Further analysis / classifications

As well as a geographical analysis (see below for details), depending on the indicator, a variety of other classifications are used to analyse the data. The table below gives a summary — precise details can be found in each dataset.

Data set Additional analysis
Personnel Type of personnel
Physicians Type of specialisation; age and sex
Health graduates Type of personnel
Hospital beds Type of care, type of ownership
Long-term care beds
Day care places Type of care
Operating theatres
Availability of medical technology Type of technology, type of provider
Procedures and treatment Type of medical procedure, type of patient
Use of medical technology Type of technology, type of provider
End-stage renal failure patients Type of procedure
Curative care bed occupancy rate Type of patient
Hospital discharges Type of patient, age, sex, selected (groups of) diseases; resident status
Length of stay / number of days Age, sex, selected (groups of) diseases
Consultations Type of personnel
Breast cancer and cervical cancer screenings Type of data source (survey or programme data)
Vaccination against influenza


Data on the length of stay are presented in terms of the number of days.

For most other indicators data are provided in absolute numbers and per 100 000 inhabitants (population-standardised rates, also referred to as density rates or the frequency of services rendered).

Data on the number of personnel are provided not only as simple head counts (how many doctors, nurses and so on) but also converted into full-time equivalents to improve comparability. As well as being provided in numbers and per 100 000 inhabitants, data on personnel may also be provided as an inverse figure, for example, the number of inhabitants per healthcare worker.

Timing of data release

Eurostat asks for the submission of final data for the year N at N + 14 months, for example data for the year 2013 are requested to be provided by the end of February 2015.

A number of countries still face difficulties with these timetables and deliver data at their earliest convenience.

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Other articles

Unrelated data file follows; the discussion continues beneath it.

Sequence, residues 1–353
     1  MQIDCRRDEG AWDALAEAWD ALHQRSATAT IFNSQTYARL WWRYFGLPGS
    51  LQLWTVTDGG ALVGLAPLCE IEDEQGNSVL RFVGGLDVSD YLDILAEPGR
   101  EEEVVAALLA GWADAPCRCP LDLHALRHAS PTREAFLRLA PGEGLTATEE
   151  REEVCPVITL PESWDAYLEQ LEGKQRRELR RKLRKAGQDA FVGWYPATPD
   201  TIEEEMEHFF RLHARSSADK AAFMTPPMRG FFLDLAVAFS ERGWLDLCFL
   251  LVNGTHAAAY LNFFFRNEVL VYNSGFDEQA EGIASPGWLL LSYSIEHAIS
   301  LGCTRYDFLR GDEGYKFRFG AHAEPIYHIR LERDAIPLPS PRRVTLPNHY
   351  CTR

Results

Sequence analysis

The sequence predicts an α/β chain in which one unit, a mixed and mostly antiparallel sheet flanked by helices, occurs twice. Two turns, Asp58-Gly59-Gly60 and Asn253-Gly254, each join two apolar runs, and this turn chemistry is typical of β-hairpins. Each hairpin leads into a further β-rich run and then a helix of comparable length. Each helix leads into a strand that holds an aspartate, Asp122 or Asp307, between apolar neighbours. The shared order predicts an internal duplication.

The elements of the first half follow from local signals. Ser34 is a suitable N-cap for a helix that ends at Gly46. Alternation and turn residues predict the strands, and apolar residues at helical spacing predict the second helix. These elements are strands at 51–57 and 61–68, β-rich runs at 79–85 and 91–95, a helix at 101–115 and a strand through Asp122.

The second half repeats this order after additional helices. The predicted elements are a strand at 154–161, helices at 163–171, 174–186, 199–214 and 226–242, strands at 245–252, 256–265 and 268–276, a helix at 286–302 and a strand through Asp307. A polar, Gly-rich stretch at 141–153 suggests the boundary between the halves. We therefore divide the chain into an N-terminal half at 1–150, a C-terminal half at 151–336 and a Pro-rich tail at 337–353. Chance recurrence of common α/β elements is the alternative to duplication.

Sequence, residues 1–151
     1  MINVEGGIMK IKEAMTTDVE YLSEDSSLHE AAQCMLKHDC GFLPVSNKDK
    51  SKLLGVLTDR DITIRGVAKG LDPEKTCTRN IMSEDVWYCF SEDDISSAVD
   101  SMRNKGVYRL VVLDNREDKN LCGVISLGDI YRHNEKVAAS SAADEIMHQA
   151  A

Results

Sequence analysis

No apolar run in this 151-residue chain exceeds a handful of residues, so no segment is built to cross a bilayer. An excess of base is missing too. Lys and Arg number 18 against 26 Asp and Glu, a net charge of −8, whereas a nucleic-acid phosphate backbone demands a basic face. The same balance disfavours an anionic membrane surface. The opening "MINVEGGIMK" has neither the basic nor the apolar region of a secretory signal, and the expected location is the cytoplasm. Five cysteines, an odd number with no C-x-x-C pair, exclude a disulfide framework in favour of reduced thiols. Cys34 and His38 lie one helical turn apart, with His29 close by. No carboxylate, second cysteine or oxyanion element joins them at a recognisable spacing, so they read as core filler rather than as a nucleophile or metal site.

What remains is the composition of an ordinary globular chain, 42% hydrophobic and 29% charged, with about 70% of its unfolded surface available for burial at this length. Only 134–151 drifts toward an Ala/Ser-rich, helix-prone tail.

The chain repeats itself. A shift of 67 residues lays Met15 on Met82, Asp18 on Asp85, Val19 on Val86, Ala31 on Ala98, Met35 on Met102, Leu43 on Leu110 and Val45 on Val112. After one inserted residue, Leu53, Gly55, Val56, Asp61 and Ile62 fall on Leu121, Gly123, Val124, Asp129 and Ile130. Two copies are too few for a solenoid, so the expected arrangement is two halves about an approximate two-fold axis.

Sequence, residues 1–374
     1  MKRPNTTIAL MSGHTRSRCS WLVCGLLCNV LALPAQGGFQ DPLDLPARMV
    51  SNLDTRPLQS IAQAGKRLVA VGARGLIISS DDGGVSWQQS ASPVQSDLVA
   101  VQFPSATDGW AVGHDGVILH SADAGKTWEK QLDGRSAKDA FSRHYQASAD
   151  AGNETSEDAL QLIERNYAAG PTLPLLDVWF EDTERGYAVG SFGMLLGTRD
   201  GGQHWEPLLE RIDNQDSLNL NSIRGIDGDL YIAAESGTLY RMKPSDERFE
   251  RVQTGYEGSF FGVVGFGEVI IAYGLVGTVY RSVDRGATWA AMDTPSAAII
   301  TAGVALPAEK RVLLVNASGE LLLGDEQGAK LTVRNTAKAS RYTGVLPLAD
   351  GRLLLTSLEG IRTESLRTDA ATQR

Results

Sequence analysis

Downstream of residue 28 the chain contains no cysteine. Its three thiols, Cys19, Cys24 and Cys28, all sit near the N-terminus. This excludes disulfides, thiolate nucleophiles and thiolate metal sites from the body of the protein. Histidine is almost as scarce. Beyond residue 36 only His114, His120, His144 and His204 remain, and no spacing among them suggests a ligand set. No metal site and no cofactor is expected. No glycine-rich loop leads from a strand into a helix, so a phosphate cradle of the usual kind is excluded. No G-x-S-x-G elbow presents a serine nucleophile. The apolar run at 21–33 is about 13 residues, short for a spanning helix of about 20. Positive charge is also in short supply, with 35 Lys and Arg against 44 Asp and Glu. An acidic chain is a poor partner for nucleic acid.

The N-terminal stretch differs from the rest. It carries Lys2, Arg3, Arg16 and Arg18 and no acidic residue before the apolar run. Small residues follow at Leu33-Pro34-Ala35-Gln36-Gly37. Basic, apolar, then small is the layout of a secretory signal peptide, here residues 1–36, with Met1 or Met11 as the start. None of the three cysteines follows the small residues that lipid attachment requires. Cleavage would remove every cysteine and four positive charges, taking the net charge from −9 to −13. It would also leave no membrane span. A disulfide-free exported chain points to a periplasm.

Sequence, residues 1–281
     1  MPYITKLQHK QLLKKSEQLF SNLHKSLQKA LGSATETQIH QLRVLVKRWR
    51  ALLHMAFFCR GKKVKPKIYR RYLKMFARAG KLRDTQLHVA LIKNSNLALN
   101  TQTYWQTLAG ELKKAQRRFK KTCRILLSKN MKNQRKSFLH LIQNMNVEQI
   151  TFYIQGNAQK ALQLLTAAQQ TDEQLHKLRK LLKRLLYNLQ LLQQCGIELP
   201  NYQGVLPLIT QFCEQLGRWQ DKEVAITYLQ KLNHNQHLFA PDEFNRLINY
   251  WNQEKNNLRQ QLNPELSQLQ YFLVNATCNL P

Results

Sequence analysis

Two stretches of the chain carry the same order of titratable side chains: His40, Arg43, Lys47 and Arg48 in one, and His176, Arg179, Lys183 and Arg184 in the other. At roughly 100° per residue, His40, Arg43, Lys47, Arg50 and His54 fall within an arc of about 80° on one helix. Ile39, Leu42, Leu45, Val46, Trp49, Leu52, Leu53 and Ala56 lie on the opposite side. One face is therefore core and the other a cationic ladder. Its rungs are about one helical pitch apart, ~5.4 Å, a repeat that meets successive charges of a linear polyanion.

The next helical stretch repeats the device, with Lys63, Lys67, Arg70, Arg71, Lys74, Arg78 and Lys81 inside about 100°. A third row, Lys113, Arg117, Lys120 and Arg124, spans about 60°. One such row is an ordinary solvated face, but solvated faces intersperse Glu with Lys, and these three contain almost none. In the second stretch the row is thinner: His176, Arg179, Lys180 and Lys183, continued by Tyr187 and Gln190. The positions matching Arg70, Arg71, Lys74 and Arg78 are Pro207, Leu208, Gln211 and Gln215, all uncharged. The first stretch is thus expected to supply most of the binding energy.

Dedicated section

Health care resources (hlth_res)
Health care staff (hlth_staff)
Health care facilities (hlth_facil)
Health care activities (hlth_act)
Hospital discharges and length of stay for inpatient and curative care (hlth_co_dischls)
Curative care bed occupancy rate (hlth_co_bedoc)
Non-residents among all hospital discharges, % (hlth_co_dischnr)
Hospital discharges - National data (hlth_hosd)
Hospital discharges - Regional data (hlth_hosd_r)
Length of stay in hospital (hlth_hostay)
Operations, procedures and treatment (hlth_oper)
Consultations (hlth_consult)
Self-reported consultation of a medical professional by sex, age and educational attainment level (%) (hlth_ehis_hc5)
Self-reported consultation of a psychologist or physiotherapist by sex, age and educational attainment level (%) (hlth_ehis_hc6)
Consultation of a medical doctor (in private practice or as outpatient) per inhabitant (hlth_hc_phys)
Consultation of a dentist per inhabitant (hlth_hc_dent)
Preventive services (hlth_prev)
Self-reported breast examination by X-ray by educational attainment level among women aged 50-69 (%) (hlth_ehis_hc2)
Self-reported cervical smear test by educational attainment level among women aged 20-69 (%) (hlth_ehis_hc3)
Self-reported colorectal cancer screening test by sex, age and educational attainment level among people aged 50-74 (%) (hlth_ehis_hc4)
Self-reported vaccination against influenza by sex, age and educational attainment level (%) (hlth_ehis_hc1)
Breast cancer and cervical cancer screenings (hlth_ps_scre)
Vaccination against influenza of population aged 65 and over (hlth_ps_immu)